The Office of Nonproliferation Research and Engineering, part of the National Nuclear Security Administration within the Department of Energy, conducts wide-ranging research for diverse end users at the federal and local level. As such, the Office faces a number of unusual challenges in determining how to best serve its users' needs while justifying its budget. To help meet these challenges, this report suggests specific changes in the Office's planning of its research program. The author presents two sets of planning methods that appear to be particularly promising: One set of planning methods focuses on strengthening the Office's connection with the various end users of its research, and the second set of methods focuses on demonstrating and enhancing the quality of the program through expansion and systematization of the peer reviews that are already in use.
The research described in this report was performed under the auspices of RAND's National Defense Research Institute.
This report is part of the RAND Corporation Monograph report series. The monograph/report was a product of the RAND Corporation from 1993 to 2003. RAND monograph/reports presented major research findings that addressed the challenges facing the public and private sectors. They included executive summaries, technical documentation, and synthesis pieces.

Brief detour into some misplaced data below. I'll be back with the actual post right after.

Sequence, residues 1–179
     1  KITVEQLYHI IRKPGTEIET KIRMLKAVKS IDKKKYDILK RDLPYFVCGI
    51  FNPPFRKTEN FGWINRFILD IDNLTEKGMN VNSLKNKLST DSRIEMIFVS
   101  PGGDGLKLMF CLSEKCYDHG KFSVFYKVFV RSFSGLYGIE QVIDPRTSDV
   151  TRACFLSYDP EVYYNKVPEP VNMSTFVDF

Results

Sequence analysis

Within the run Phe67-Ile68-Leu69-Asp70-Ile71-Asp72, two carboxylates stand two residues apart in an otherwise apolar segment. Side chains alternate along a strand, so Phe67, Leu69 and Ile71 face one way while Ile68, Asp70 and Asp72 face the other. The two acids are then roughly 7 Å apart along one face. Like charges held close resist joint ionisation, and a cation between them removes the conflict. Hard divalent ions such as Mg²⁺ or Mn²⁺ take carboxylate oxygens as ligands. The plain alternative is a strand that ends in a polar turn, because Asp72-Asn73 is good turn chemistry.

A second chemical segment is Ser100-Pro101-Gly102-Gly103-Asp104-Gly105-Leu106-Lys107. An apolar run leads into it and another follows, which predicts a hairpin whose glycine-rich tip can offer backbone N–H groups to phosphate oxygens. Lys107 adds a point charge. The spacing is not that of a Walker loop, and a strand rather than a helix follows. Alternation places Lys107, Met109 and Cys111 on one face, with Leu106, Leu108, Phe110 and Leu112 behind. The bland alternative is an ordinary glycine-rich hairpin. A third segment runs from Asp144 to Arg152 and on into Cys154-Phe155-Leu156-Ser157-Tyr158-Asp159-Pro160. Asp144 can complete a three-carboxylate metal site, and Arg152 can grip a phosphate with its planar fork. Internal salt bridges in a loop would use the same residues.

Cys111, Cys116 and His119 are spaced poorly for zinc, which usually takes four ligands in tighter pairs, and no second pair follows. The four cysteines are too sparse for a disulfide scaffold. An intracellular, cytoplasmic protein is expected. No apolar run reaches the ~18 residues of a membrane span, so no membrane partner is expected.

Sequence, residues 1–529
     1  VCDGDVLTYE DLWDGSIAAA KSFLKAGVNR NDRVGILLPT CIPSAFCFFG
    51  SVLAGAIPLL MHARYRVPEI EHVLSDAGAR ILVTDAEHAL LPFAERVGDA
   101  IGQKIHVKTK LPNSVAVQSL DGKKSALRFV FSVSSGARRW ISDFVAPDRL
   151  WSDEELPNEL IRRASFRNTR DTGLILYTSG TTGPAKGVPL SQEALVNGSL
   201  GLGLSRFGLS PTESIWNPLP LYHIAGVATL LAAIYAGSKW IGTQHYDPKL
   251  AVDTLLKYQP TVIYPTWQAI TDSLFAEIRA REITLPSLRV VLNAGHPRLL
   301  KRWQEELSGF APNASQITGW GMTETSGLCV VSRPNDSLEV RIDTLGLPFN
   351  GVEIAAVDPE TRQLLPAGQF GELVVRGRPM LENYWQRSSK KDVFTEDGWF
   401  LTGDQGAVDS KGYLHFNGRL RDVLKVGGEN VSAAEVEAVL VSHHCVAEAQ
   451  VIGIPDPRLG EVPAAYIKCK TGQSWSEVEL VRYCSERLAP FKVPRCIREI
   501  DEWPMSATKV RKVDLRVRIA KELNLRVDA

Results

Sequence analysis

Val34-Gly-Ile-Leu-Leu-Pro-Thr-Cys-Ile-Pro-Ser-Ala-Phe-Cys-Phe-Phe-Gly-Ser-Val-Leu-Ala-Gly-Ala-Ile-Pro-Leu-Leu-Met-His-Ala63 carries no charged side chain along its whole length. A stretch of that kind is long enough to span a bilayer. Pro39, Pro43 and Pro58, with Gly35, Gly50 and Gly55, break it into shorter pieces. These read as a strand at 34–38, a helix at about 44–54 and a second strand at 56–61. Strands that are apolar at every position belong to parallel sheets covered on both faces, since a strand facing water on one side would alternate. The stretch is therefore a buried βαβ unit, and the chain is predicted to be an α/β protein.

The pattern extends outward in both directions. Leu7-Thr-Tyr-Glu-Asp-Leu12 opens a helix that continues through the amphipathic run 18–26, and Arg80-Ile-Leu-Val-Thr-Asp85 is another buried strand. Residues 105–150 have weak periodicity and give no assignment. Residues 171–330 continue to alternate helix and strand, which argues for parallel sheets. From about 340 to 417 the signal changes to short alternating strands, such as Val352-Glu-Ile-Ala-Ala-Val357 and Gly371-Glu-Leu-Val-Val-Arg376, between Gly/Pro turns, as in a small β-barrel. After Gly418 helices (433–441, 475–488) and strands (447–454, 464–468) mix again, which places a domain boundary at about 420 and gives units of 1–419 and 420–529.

Permission is given to duplicate this electronic document for personal use only, as long as it is unaltered and complete. Copies may not be duplicated for commercial purposes. Unauthorized posting of RAND PDFs to a non-RAND Web site is prohibited. RAND PDFs are protected under copyright law. For information on reprint and linking permissions, please visit the RAND Permissions page.
The RAND Corporation is a nonprofit institution that helps improve policy and decisionmaking through research and analysis. RAND's publications do not necessarily reflect the opinions of its research clients and sponsors.